Finding common cause in Edmonton, Habitat for Humanity

Finding common cause in Edmonton

Edmonton, the capital of Canada’s Alberta province, is a growing city, and it will grow a bit more during the 2017 Jimmy & Rosalynn Carter Work Project, for which it serves as a sponsor.

Mayor Don Iveson shared with us the need for affordable housing in Edmonton — and for the 59 new Habitat homes that will be going up in the Laurel neighborhood.

Q: What is the housing situation in Edmonton?

A: We’ve been the fastest-growing city in the country for the last 10 years, on and off. That’s come with a lot of positives, but it’s also come with rising housing prices overall and challenges at the affordable end of the spectrum to accommodate growth. We have long waiting lists for social housing that have grown because the economy is tougher these days in Alberta. That’s part of why we’re so excited to welcome the Carter Work Project here and deliver much-needed houses targeted at families using Habitat’s really laudable affordable housing program.

Q:What is your vision of success when it comes to affordable housing?

A: A safe home for everyone is where we’d like to get to. We know our healthcare system and our justice system are overwhelmed by people who, if their housing needs were being met, would draw less on those expensive public services. And so we’re looking for savings in those areas by better meeting housing needs. One of the other legacies that we’re hoping for is that our Habitat chapter continues to grow. We are the fifth-largest Canadian city, but I’m really proud to tell you that we are the largest Habitat in the country. This is the kind of place where people really do pitch in to build things for each other, literally and figuratively. I’m hopeful the strength of our Habitat movement will grow even stronger as a legacy of President Carter’s visit.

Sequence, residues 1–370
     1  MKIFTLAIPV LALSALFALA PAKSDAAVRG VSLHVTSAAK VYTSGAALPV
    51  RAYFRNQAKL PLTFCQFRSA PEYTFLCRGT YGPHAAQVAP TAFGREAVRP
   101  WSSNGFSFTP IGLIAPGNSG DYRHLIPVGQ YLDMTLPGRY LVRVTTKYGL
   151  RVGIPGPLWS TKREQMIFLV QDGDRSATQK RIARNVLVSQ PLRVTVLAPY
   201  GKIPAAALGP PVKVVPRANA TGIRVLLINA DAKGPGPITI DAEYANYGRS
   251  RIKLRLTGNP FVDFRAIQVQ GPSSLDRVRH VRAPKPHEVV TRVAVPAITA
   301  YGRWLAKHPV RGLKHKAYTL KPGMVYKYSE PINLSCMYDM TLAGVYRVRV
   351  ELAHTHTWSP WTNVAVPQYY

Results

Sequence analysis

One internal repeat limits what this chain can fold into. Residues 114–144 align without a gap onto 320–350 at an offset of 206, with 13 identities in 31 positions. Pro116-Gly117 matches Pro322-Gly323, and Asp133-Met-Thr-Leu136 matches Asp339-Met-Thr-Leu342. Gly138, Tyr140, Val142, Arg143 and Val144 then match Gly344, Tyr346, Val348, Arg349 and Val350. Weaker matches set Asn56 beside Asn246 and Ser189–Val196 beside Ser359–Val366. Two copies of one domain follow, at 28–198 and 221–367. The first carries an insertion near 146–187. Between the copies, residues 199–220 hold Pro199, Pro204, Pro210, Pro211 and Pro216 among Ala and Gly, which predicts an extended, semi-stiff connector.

Q: Will you have the opportunity to be out there building during the Carter Work Project?

A: I am really looking forward to getting my steel-toe boots on and going out there and swinging a hammer. I’m going to see if I can bring some other mayors with me and certainly my city council colleagues.

Q: You are going to have a lot of people coming to your city for the Carter Work Project. Are you looking forward to seeing the visitors working with the families and volunteers of Edmonton?

A: First of all, we’re so grateful to the Carters for bringing people to Edmonton who care about affordable housing and community initiative. We’re going to find a lot of common cause because there are so many Edmontonians who feel the same way. I think people are going to hit it off right out of the gate when our guests get here, and we look forward to showing them a good time and benefitting from their hard work.